Day 2 of the SBN Offseason GM Simulation was, in a word, exhilarating.
That money you keep hearing will be spent? It got spent.
First, let me explain that each year, the commissioner (Max Rieper of Royals Review) sends out a note from the owner to each team. Ours gave us the permission, with the contention window opening, to spend up to $150 million — and possibly more, for a “special” player.
And before you read the following and scoff at the play money aspect of this, let me remind that this is a competitive offseason — all 30 teams are vying against one another in trades, and for free agents. Last year, money was flying — Bryce Harper got a contract in excess of $500 million, Manny Machado north of $400 million — so in a sense, the simulation represents an unfettered offseason, with no “tanking” to remove a third, or half, of teams from the free market.
So, let me introduce you to some new Chicago White Sox.
We start with our most minor add, Sergio Romo. He’s a solid reliever and a vet, and he’s also a guy who is going to be a fan favorite and team leader. Romo is the kind of guy I want on my team. We inked him for two years, $6 million. He was a 0.6 bWAR pitcher last year, with a 3.43 ERA and 20 saves. That’ll do.
Our first big addition was Gio González, and if he looks familiar, it’s not just because he was drafted by the White Sox and traded to two different teams by the White Sox in his real MLB career. We also signed Gio in last year’s simulation, to a two-year, $24 million deal (third year, mutual option). This year, González’s price went up, to $13 million per season. In order to secure him on the South Side, I had to add $1 million in AAV and also turn a mutual-option third year to a player option third year, making this essentially a three-year guarantee for Gio. He does have to pay us a couple million if he opts out after the 2021 season, ungrateful southpaw. González was a 1.9 bWAR pitcher in essentially half a season in 2019; in his career, he’s had one truly off-year (0.9 bWAR) in nine seasons. Gio is 34, and I think he’d good for a nice late-career stretch with the White Sox, slotting in as our No. 4 starter.
Yep, Yasmani Grandal. We got him.
It wasn’t easy. I started at four years, $100 million and it did escalate. I’m not aware of who the other “motivated buyer” was, and I didn’t think we would win out without upping our AAV, but we did, at six years, $150 million. Am I happy with that pricetag? Of course not. Do I think there will be no aging curve for Grandal’s catching value, which is a healthy cut of what he brings to the diamond? Of course not. But Grandal brings more than just his talent and experience. He’s a switch-hitter. He’s a defensive maven. He will nuture some of our young pitchers. He has the ability to transition to more first base or DH work. Simply put, he’s a great guy to have on the team. As I said to my front office staff, if I can get $100 value from this deal on the field, we can count on $50 million more off it, in the clubhouse, in bullpens, and in the clutch.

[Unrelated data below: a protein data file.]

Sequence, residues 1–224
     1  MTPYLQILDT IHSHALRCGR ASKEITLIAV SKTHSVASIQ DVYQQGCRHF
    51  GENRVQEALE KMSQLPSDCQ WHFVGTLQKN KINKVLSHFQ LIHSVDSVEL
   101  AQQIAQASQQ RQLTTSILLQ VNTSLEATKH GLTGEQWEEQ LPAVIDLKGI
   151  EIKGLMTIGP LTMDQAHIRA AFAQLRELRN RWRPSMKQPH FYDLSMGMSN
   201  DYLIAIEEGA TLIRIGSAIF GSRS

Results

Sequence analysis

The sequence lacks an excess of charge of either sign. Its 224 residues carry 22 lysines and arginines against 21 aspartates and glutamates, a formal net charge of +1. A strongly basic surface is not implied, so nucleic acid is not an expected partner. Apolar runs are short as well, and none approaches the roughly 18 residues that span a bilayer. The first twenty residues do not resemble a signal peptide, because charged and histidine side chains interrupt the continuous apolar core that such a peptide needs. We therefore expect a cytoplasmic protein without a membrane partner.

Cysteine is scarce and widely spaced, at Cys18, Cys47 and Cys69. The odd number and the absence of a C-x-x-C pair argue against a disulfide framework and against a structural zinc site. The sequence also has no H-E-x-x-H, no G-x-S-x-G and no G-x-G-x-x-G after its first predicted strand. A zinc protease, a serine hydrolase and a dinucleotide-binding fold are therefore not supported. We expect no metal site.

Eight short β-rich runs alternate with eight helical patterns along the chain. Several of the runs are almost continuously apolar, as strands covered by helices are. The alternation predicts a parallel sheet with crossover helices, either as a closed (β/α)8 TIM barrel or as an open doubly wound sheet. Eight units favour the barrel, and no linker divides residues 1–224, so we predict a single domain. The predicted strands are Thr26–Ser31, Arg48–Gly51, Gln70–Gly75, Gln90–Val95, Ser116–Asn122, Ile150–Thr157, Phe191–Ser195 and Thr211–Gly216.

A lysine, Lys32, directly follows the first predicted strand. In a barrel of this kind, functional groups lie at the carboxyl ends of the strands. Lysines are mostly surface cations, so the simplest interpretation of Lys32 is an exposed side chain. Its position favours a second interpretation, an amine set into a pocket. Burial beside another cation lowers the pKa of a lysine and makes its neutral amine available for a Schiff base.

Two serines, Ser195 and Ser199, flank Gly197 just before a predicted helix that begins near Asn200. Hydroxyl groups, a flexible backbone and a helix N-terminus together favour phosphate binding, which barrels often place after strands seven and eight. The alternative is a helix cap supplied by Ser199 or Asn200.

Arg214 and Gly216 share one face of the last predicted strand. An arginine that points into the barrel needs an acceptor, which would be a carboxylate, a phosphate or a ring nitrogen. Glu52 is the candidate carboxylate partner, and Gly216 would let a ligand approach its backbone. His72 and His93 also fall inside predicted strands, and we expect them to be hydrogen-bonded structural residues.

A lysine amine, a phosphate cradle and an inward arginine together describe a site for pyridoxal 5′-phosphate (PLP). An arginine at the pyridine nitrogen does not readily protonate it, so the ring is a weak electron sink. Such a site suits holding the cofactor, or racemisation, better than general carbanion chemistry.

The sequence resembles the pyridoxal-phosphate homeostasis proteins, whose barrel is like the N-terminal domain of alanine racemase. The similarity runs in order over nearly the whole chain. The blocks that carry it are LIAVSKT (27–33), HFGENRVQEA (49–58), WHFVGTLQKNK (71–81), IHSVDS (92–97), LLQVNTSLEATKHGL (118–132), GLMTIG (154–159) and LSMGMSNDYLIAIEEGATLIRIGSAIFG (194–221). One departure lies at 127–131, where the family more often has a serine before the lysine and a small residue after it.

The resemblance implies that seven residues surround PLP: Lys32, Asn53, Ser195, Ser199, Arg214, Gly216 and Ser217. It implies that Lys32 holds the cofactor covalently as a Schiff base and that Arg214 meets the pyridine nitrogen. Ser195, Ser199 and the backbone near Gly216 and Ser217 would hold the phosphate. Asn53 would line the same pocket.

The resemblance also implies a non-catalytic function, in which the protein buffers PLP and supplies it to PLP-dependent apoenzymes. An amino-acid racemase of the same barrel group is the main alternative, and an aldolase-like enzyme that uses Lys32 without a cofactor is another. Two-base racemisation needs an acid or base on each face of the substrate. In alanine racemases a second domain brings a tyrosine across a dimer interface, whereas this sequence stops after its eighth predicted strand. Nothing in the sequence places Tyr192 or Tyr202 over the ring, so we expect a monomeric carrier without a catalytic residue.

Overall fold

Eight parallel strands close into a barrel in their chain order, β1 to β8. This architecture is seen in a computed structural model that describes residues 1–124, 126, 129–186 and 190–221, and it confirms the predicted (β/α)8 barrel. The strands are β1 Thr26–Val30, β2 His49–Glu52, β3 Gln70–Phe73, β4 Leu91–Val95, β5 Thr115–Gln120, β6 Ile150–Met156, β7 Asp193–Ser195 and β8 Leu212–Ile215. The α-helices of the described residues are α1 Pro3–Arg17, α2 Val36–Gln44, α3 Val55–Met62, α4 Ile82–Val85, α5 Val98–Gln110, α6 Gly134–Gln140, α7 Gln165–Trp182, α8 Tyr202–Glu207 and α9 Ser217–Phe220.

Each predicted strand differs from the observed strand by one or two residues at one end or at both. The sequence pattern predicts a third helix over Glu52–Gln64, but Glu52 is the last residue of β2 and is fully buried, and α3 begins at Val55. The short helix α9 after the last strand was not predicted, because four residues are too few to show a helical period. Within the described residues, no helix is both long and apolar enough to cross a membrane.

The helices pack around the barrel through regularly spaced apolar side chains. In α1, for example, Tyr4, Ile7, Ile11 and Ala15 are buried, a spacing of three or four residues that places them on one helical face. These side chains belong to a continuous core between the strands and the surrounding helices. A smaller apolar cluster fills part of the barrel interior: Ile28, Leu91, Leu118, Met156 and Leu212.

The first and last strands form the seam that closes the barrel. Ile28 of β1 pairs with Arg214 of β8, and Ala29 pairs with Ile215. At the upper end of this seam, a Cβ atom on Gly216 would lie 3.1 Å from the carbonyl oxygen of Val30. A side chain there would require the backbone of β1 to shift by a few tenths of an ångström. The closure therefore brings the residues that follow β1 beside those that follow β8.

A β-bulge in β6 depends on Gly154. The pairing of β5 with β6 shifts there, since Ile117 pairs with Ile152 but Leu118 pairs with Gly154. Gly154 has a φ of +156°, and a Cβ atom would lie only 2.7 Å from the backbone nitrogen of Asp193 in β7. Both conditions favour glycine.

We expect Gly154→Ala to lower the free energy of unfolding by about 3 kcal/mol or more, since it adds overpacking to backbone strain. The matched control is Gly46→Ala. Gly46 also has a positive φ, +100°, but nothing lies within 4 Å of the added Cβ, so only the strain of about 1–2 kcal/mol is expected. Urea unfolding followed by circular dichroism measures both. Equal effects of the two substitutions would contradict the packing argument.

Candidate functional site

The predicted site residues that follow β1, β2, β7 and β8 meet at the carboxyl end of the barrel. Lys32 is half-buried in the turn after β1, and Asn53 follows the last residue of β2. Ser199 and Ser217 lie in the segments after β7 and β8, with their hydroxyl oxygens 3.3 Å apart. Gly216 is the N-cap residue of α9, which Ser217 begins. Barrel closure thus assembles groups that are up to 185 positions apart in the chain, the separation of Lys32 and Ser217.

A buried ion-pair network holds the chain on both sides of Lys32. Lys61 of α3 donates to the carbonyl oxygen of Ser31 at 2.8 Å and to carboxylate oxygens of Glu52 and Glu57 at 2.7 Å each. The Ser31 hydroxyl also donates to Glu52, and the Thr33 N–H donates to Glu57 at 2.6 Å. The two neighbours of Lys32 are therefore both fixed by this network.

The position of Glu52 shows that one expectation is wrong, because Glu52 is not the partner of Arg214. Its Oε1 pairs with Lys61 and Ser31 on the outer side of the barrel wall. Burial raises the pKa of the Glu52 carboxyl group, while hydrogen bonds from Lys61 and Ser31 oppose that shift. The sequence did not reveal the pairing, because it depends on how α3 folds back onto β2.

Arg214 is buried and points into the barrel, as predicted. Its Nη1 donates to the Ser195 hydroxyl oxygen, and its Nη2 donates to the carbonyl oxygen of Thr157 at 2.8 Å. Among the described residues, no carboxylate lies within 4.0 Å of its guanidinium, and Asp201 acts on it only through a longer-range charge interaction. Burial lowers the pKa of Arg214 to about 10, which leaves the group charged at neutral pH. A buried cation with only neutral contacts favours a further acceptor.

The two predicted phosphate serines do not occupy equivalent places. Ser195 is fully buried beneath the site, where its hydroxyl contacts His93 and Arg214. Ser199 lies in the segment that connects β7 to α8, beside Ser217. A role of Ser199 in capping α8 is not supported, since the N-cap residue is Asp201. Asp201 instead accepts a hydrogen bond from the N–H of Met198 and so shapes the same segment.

Plus, the White Sox just established they’re for real, and have staying power, in negotiations.
Go ahead and pinch yourselves, we have a new DH.
In the simulation, J.D. Martinez in fact did opt out of his Boston contract, freeing him up to bidding. It seemed like four years was the magic duration, and $80 million the starting point. I took it three million per farther northward, in order to be in position to ... finish as the runner-up. Martinez did get a better offer, I believe four years, $94 million. But that deal was heavily backloaded, and it turns out that our straight, $23 million per year offer won the day (believe it or not, that’s a $750,000 pay cut compared to what Martinez was owed by Boston for 2020). Martinez put up 3.3 WAR last year and appears to be in better shape for the long haul than another guy who should be a full-time DH, or close ...
... José Abreu. José was our first choice to man the 1B-turning-to-DH role on the South Side, but I wasn’t willing to go four years at $18 million. The “lifetime contract” was dissolved, with fault on both sides. I don’t think Abreu’s new team in the simulation, the Houston Astros, realizes he can’t (or shouldn’t) play first base. While I think Martinez’s contract is on target, despite being the same age Abreu seems closer to the end of his career.
Anyway, this isn’t about failures, it’s about our Day 2 successes! Speaking of ...
Bust out the “bearded clause” in the contract language, because Dallas Keuchel is coming to Chicago! When you see what some pitchers were going for in the simulation, you’re going to see how great a bargain four years/$88 million is. We were the early leader on Dallas, and somehow, with just a little tweaking (guaranteeing the fourth year, mostly) we got this done. It almost feels like the owners went to sleep on Keuchel. He had 2.0 bWAR in essentially half of a season in 2019, and has put in just one subpar year in his six as a pro starter. I like our odds to get value out of this contract as well. Keuchel slots in as our No. 2 starter in a rotation of Giolito-Keuchel-Kopech-González-Cease.
What’s more, we should have two big announcements tomorrow as well, patching the two remaining significant holes on the roster. Both delight me, and one could be a real shocker.
I’m not going to get into final salary levels yet, but by rough count our spending — sanctioned by The Boss, at least via Kansas City — puts us at no higher than 11th in the league in payroll. And that presumes we have two more signings in us. So as much as rising to 11th in payroll seems like fantasyland on the South Side, it is within the parameters of the simulation exercise, and still places the White Sox in the bottom two-thirds of the league in spending.
More to come, including near-misses on free agents, trades not made, other players discussed, on Wednesday or Thursday.